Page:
On one hand, the parity that characterizes women’s tennis today is thrilling. There’s no shortage of exceptional players to root for, and an undeniable frisson springs from the idea that it’s impossible to forecast who might prevail at the biggest tournaments. Bencic, whose win marked the third time she has defeated Osaka this season, is a wonderfully gifted ball striker with a counterpunching style predicated on her uncanny ability to redirect opponents’ powerful shots. Elina Svitolina, the highest-ranked player left in the women’s draw, overwhelmed the former U.S. Open finalist Madison Keys in the fourth round with an impressive display of athleticism and consistency from the back of the court. Nineteen-year-old Bianca Andreescu is the youngest woman still in contention, and her victories this season at Indian Wells and against an injured Williams at the Rogers Cup suggest that she may be on the precipice of a career breakthrough. To say that women’s tennis is genuinely unpredictable at the moment would be to state the very obvious.
On the other hand, it’s been impossible to watch this year’s U.S. Open and not get the sense that fans are quietly desperate for the emergence of a dominant champion to replace Williams, the 37-year-old GOAT candidate whose body of work eclipses the combined accomplishments of just about all other active players. (Williams will play Qiang Wang in the quarterfinals; if Williams wins the tournament, she’ll tie Margaret Court’s all-time grand-slam singles-title record.) The anticipation that surrounded the Osaka-Gauff match was partially motivated by the idea that those young women are poised to one day take over the sport from Williams and become the sort of repeat champions against whom every other player can benchmark themselves and their games.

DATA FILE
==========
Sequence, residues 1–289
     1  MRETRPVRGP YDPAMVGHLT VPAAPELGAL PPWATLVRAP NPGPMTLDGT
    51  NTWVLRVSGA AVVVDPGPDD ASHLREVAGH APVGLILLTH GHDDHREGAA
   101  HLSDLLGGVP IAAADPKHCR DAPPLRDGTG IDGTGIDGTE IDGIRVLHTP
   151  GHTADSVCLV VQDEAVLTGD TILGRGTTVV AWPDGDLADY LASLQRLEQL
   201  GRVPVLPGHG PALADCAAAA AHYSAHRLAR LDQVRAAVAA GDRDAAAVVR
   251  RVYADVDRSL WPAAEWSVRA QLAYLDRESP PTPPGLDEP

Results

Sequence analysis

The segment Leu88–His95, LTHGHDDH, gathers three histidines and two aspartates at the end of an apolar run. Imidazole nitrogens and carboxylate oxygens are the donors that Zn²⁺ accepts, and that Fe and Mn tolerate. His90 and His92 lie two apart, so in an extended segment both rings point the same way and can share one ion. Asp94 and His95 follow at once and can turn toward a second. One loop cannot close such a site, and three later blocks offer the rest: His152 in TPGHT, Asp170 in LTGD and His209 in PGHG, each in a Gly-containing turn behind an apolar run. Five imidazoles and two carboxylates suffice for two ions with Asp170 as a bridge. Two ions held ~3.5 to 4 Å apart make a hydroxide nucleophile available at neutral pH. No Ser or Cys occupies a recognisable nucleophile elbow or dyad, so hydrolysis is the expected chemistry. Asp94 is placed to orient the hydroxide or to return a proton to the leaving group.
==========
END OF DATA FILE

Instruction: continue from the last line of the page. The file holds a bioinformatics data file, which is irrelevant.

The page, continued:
Women’s tennis now is somewhat reminiscent of the men’s game at the turn of the century, a time of transition between the glory days of Pete Sampras and the onset of the current Roger Federer–Rafael Nadal–Novak Djokovic era. That brief time is not often spoken about in reverent terms, because many of the grand-slam champions it produced—players such as Thomas Johansson and Juan Carlos Ferrero—are generally, and unfairly, considered insignificant footnotes in the sport’s history. Like Sampras in those years, Williams is the icon whose presence continues to loom large. But she is likely nearing the end of her career, and it’s impossible to look at the current roster of women’s tennis and say with any certainty who will succeed her.
Prior to the start of this year’s U.S. Open, ESPN aired a segment of an interview with Williams’s coach, Patrick Mouratoglou, in which he claimed that the controversy that engulfed the 2018 singles final between Williams and Osaka was “fantastic for tennis” because it generated an incredible amount of attention. His reasoning betrays a sense that, at the end of the day, star power more so than parity is what makes sports interesting to follow. That match became front-page news, not just because a chair umpire took the drastic step of issuing a game penalty during one of the most important matches of the year—and between two women of color. It also became the stuff of legend and infamy because it involved Williams, one of the most transcendent athletes ever. Had a chair umpire acted in an identical manner during a grand-slam final between, say, Simona Halep and Petra Kvitová, two accomplished but not historically great players, the reaction likely wouldn’t have been quite so uproarious.
Williams is the last bona fide superstar left in the women’s draw. If she advances to the final, there’s a chance that match will generate more interest than the Osaka-Gauff contest and be remembered as the greatest moment of the tournament. If not, the women’s final may be well played, but it probably won’t live up to last year’s match. That’s because parity, while commendable, isn’t quite as enthralling as watching dynastic talents spar on a sport’s biggest stages.